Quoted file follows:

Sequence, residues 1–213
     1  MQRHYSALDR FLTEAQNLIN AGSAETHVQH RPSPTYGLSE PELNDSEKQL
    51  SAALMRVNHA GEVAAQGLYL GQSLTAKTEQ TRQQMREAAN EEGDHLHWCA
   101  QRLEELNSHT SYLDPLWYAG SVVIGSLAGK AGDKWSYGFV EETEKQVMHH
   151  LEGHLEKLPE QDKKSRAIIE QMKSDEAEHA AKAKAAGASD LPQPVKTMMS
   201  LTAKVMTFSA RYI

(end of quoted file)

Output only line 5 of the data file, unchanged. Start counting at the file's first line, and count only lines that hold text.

   151  LEGHLEKLPE QDKKSRAIIE QMKSDEAEHA AKAKAAGASD LPQPVKTMMS